Four Ways to Help Your 'Old Dog' Employees Learn Some New Tricks

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Collaboration, Change & Comfort Zones: 4 Ways to Help Your "Old Dog" Employees Learn Some New Tricks.

If you want your employees to work together online, you must first help them break out of their comfort zones. Collaboration Architects co-founder John Darling tells you how.

You know the time is right to join the ranks of those companies that are benefiting from online collaboration technology. Employees working together via the Web is clearly the wave of the future. And there are plenty of great software programs out there. Still, there is one major barrier to overcome: human nature. People don't like change—especially the kind of change that requires them to overcome old attitudes and work habits and embrace new ways of doing things.

"Anyone who has dared to introduce even minor changes into the workplace knows that people's natural resistance to change can thwart even the best intentioned, most useful new ideas," says John Darling, co-founder of Collaboration Architects, Inc. "Moreover, there seems to be a direct correlation between the degree of ‘discomfort' brought about by the change being implemented and the degree of resistance to the change. This seems to be especially true with technology. For most people and work teams, the introduction of online collaboration technology represents a pretty significant change in how they relate to each other and how work gets done."

Darling should know. He and his business partner Bill Bruck specialize in constructing and implementing such online work environments. They have heard every excuse in the book from clients—from “This is just too complicated” to “I don't have time to learn how to use this program” to “Well, we tried it for awhile but the boss quit using it, so the rest of us quit, too.”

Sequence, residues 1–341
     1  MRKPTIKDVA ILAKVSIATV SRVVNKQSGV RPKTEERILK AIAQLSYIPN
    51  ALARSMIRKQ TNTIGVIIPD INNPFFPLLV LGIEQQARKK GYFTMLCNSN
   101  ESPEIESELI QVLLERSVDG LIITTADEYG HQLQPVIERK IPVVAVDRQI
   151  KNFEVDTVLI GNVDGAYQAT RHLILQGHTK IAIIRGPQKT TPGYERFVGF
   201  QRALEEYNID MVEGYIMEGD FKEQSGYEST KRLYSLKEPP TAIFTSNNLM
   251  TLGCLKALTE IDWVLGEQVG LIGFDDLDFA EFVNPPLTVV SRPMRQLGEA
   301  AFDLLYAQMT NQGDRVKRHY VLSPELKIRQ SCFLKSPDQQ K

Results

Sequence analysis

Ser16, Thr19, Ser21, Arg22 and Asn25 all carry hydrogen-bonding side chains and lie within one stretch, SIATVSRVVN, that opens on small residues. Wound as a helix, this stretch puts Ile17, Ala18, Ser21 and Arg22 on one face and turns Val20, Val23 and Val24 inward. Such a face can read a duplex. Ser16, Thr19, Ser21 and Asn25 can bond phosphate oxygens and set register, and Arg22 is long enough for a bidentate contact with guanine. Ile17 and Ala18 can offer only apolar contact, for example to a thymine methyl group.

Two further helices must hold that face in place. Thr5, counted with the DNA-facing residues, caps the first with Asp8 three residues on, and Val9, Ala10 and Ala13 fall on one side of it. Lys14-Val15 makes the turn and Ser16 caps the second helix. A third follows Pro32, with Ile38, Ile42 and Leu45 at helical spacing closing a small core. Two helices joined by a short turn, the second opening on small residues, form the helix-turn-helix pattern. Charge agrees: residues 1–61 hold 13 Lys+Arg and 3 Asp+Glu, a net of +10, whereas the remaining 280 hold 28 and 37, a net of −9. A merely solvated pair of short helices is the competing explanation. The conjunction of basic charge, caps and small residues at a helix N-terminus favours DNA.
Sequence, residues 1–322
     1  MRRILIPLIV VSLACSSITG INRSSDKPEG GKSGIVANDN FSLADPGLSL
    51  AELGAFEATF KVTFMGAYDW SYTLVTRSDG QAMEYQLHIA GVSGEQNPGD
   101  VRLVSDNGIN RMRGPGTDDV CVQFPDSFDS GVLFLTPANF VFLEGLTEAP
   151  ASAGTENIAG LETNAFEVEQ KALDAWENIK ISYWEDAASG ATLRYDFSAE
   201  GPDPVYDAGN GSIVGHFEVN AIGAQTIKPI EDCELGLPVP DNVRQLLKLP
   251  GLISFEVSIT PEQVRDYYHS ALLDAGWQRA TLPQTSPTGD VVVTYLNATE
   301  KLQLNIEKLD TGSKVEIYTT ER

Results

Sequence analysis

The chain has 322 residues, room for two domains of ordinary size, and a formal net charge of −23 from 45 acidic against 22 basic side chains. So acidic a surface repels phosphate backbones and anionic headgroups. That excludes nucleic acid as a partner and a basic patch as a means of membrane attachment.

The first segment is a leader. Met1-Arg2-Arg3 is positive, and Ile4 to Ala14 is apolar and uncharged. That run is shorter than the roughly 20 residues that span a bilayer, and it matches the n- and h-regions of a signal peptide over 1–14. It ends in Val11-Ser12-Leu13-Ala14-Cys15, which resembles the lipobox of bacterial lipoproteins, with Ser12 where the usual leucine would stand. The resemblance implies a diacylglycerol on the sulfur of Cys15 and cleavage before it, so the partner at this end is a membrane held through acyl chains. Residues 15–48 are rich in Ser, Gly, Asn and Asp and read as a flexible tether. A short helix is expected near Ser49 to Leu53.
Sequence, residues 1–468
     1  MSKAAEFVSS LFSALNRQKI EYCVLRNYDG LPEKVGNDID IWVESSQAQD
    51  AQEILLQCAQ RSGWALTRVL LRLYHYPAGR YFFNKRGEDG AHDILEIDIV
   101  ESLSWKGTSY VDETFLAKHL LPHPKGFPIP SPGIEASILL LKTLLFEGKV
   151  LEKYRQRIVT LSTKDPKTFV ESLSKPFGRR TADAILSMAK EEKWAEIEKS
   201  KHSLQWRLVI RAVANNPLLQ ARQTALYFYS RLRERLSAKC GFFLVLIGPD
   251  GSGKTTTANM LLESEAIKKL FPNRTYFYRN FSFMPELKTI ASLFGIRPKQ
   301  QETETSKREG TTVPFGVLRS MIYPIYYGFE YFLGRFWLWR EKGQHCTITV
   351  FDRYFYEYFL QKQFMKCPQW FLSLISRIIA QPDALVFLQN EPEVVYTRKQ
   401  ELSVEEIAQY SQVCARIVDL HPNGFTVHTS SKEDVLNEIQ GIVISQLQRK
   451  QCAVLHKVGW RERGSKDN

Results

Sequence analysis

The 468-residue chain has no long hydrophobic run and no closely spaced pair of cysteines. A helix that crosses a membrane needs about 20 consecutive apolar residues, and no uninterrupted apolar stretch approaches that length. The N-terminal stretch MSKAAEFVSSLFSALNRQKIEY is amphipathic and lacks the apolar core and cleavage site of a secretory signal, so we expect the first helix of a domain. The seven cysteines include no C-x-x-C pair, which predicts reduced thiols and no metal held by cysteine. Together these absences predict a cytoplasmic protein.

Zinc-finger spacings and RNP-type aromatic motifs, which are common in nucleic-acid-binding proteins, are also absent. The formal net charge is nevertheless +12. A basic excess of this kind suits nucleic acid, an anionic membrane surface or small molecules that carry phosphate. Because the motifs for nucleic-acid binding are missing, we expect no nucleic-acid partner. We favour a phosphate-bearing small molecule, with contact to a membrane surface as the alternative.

Why is such behavior so common? To borrow a concept from Maxwell Maltz—originator of the theory of “Self-Image Psychology”—our reluctance to try new things has to do with our “comfort zones.” In essence, Maltz defines a comfort zone as the range of experience, behavior or performance that we perceive as consistent with our self-image.

"Maltz says that our self-image and habitual behavior/thinking patterns are two sides of the same coin," explains Darling. "Just as our self-image is formed and reinforced through our life experience, our attitudes, habits and skills are formed the same way—through conditioning and repetition. It has been said that attitudes are established ways of thinking. Habits are established ways of doing. As it turns out, habits and attitudes are equally difficult to change. Changing either or both requires a healthy and sustained dose of consciousness, motivation and hard work."

The bottom line? If you want your company to reap the considerable benefits of online collaboration, you must take steps to help people overcome the "comfort zone" challenge. Darling offers the following four strategies on how to do just that:

Strategy #1 – Introduce change at a pace that minimizes discomfort. At Collaboration Architects, we have applied this approach in several ways:

Ask people to participate in periodic online surveys or decision processes using a tool like GroupMind Express. This way people are able to have a positive online collaboration experience, thereby building their receptivity to experimenting with new ways of doing things.

Conduct a simple presentation or staff meeting using a web conferencing tool like NetMeeting, WebEx or Web Demo. Because such tools require people to take only a "baby-step" from the traditional conference call, they introduce change without forcing people to operate too far from their comfort zones.

Strategy #2 – Educate & involve people in the design of the online workspace.

An important part of helping people to modify their comfort zones and habitual ways of doing things is to help them visualize working in new ways. Unfortunately, most organizations use the “Build it and they will come” approach.

We have found it much more effective to involve the workgroup who will be using our online work environments on the front end in the design of the space. In these design sessions we are able to educate the potential users on the different kinds of tools available to them, helping to dispel fears and apprehensions. More important, this approach helps people start to visualize what is possible and begin to take ownership for its success.